Anthony has also answered related questions in his capacity at EWTN's Q&A section. Here's a portion of one answer:

Quote
Because of our different perspective on "purgatory," the concept of indulgences does not fit into Eastern Catholic theology.  This does not mean that we deny the reality of indulgences , as do Protestants, but that we simply do not actively encourage them.  The issuing of indulgences is not a part of Eastern Christian theology, and we Eastern Catholics have a serious obligation to maintain our traditional theology.  This is authoritatively taught by the Second Vatican Council:

Blessings,
Peter (a.k.a. PJ)
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« Reply #4 on: April 22, 2008, 04:47:59 PM »

To add a remark of my own:

Generally speaking, Eastern Catholics all agree that the Pope of Rome is not in heresy. (If they believed he was in heresy, presumably they would break off communion with him.)

With that in mind, if you ask ECs about a difference between Latin and EC theology (e.g. concerning "purgatory") the answer will generally take one of the following forms:
1. There's no essential difference in what we believe, only in the language we use and the emphasis.
2. The Latins are wrong about such-and-such, but the error can't be called a heresy.

Anthony's answers, from what I've seen, pretty much fall under #1.

-Peter.
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« Reply #5 on: April 22, 2008, 05:01:11 PM »

To add a remark of my own:

Generally speaking, Eastern Catholics all agree that the Pope of Rome is not in heresy. (If they believed he was in heresy, presumably they would break off communion with him.)

With that in mind, if you ask ECs about a difference between Latin and EC theology (e.g. concerning "purgatory") the answer will generally take one of the following forms:
1. There's no essential difference in what we believe, only in the language we use and the emphasis.
2. The Latins are wrong about such-and-such, but the error can't be called a heresy.

Anthony's answers, from what I've seen, pretty much fall under #1.

-Peter.

Thanks PJ! That was very informing.
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« Reply #6 on: April 22, 2008, 10:29:17 PM »

Quote
I'm not sure which part of the quoted text you are asking about -- perhaps the general possibility of a sin being forgiven but the punishment for it remaining?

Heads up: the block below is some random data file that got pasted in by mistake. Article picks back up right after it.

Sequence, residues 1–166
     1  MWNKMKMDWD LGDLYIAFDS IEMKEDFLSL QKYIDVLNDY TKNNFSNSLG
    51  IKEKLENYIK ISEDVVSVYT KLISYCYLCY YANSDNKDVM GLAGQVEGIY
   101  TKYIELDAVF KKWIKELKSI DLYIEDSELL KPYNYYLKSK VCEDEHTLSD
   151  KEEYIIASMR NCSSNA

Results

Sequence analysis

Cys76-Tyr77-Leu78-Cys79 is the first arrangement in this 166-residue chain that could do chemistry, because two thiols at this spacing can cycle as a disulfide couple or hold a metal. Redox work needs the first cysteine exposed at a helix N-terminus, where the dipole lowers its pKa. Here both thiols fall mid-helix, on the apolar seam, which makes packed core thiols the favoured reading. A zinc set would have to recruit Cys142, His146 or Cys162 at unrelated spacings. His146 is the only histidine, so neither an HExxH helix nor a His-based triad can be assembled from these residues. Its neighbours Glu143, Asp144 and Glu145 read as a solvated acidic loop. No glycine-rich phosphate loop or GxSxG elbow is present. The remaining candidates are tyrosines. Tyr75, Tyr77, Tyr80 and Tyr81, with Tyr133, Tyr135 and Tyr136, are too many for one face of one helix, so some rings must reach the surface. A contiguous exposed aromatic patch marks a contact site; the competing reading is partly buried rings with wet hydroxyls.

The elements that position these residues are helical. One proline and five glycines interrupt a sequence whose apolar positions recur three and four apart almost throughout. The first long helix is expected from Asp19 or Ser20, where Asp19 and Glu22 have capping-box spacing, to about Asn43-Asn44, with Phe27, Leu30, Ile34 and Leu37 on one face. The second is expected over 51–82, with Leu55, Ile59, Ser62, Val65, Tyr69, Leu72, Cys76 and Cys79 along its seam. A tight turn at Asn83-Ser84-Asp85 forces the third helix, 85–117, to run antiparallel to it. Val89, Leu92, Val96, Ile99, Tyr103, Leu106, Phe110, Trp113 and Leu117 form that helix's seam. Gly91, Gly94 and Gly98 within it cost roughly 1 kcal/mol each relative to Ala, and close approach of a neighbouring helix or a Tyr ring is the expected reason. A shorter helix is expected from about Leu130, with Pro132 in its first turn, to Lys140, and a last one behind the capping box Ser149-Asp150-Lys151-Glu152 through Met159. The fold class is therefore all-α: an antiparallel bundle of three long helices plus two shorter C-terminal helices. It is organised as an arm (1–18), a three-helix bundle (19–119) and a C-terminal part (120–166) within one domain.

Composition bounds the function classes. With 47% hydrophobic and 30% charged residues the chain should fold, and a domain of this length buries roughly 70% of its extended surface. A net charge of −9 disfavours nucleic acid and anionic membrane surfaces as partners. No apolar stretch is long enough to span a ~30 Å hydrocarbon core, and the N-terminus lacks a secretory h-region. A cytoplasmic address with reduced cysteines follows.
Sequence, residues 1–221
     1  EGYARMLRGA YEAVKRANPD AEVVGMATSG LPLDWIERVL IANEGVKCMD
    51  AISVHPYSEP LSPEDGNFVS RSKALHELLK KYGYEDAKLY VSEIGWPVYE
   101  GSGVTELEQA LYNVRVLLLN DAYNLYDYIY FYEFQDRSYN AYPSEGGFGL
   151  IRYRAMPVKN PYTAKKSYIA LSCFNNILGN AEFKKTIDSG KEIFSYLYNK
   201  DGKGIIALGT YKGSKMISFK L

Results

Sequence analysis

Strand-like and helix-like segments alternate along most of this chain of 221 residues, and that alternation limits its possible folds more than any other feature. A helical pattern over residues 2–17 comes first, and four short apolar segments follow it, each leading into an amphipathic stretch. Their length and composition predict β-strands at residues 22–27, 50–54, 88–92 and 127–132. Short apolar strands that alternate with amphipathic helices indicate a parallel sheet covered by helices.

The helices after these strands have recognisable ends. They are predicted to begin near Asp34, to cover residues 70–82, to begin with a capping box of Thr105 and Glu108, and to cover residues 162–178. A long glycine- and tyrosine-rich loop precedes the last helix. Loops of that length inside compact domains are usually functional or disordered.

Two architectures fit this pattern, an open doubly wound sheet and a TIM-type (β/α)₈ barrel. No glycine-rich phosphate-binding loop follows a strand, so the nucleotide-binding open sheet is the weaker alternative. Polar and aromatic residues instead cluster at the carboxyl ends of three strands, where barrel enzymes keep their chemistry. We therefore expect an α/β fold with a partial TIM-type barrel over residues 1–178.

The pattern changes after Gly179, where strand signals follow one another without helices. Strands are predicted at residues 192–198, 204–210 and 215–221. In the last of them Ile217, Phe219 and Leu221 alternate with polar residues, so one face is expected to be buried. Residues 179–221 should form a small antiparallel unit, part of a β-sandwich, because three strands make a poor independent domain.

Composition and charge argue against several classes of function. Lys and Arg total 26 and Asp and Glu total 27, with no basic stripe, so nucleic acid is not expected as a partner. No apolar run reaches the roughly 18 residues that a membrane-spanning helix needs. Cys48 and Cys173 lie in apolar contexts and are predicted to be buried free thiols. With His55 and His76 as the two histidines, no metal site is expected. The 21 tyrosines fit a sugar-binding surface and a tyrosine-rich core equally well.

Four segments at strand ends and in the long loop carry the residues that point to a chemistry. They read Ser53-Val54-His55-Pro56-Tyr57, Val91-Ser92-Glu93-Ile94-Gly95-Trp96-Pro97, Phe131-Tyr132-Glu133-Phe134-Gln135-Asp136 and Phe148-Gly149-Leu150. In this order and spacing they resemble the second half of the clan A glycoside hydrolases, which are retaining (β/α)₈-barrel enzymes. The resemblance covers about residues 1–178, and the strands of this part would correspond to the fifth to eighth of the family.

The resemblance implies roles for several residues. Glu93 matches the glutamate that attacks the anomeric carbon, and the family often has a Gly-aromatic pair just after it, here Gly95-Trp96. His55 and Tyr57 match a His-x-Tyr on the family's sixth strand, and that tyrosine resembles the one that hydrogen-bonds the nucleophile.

Quote
From the CCC:
Quote
"An indulgence is a remission before God of the temporal punishment due to sins whose guilt has already been forgiven, which the faithful Christian who is duly disposed gains under certain prescribed conditions through the action of the [Roman Catholic] Church which, as the minister of redemption, dispenses and applies with authority the treasury of the satisfactions of Christ and the saints."

"An indulgence is partial or plenary according as it removes either part or all of the temporal punishment due to sin." The faithful can gain indulgences for themselves or apply them to the dead.

I could possibly agree with the whole thing minus this concept of the satisfactions of the Saints. So you don't believe that Christs "satisfactions" were whole and that the works of the saints actually mean something for us?
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The sins I don't commit are largely due to the weakness of my limbs.

1915-1923 Հայոց Ցեղասպանութիւն ,never again,
ܩܛܠܐ ܕܥܡܐ ܐܬܘܪܝܐ 1920-1914, never again,
השואה  1933-1945, never again,
(1914-1923) Ελληνική Γενοκτονία, never again
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« Reply #7 on: April 22, 2008, 10:35:53 PM »

In the East, we tend to have a much more positive view of the transition from death to Heaven. Rather than "Purgatory," we prefer to call it "the Final Theosis." This refers to the process of deification, in which the remnants of our humans nature are transformed, and we come to share in the divine life of the Trinity. Rather than seeing this as a place to "sit and suffer," the Eastern Fathers of the Church described the Final Theosis as being a journey. While this journey can entail hardships, there are also powerful glimpses of joy.

Interestingly, Mother Angelica has repeatedly expressed a very positive understanding of "Purgatory" being a joyful state, rather than a place of suffering. In some ways her description lines up well with the Eastern understanding of the Final Theosis.

It is my understanding that theosis is a never-ending process. Is "final theosis" an accurate term?
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« Reply #8 on: April 23, 2008, 08:57:55 AM »

I could possibly agree with the whole thing minus this concept of the satisfactions of the Saints. So you don't believe that Christs "satisfactions" were whole and that the works of the saints actually mean something for us?

Hi prodromas,

Quote
In proclaiming Christ the one mediator (cf. 1 Tm 2:5-6), the text of St Paul's Letter to Timothy excludes any other parallel mediation, but not subordinate mediation. In fact, before emphasizing the one exclusive mediation of Christ, the author urges "that supplications prayers, intercessions and thanksgivings be made for all men" (2:1). Are not prayers a form of mediation? Indeed, according to St Paul, the unique mediation of Christ is meant to encourage other dependent, ministerial forms of mediation. By proclaiming the uniqueness of Christ's mediation, the Apostle intends only to exclude any autonomous or rival mediation, and not other forms compatible with the infinite value of the Saviour's work.


That's from JPII. (full text)

At the risk of appearing lazy, I'd say it's basically the same thing with the "treasury of satisfactions" (or merit) as with mediation. Namely, we can rule out "parallel satisfaction" (if you will) but not "subordinate satisfaction".

That's how I look at it.
Blessings,
Peter.